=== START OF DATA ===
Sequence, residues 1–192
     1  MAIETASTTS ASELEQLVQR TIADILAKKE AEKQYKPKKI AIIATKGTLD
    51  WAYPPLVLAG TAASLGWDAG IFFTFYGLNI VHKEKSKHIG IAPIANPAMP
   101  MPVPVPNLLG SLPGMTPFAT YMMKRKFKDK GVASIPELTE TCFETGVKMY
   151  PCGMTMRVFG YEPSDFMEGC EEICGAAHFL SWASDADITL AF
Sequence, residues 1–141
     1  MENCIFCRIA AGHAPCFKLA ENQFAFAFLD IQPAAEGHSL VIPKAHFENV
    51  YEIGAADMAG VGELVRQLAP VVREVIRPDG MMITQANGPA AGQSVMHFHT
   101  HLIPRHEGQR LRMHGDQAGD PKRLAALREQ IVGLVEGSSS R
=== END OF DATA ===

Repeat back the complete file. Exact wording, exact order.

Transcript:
Sequence, residues 1–192
     1  MAIETASTTS ASELEQLVQR TIADILAKKE AEKQYKPKKI AIIATKGTLD
    51  WAYPPLVLAG TAASLGWDAG IFFTFYGLNI VHKEKSKHIG IAPIANPAMP
   101  MPVPVPNLLG SLPGMTPFAT YMMKRKFKDK GVASIPELTE TCFETGVKMY
   151  PCGMTMRVFG YEPSDFMEGC EEICGAAHFL SWASDADITL AF
Sequence, residues 1–141
     1  MENCIFCRIA AGHAPCFKLA ENQFAFAFLD IQPAAEGHSL VIPKAHFENV
    51  YEIGAADMAG VGELVRQLAP VVREVIRPDG MMITQANGPA AGQSVMHFHT
   101  HLIPRHEGQR LRMHGDQAGD PKRLAALREQ IVGLVEGSSS R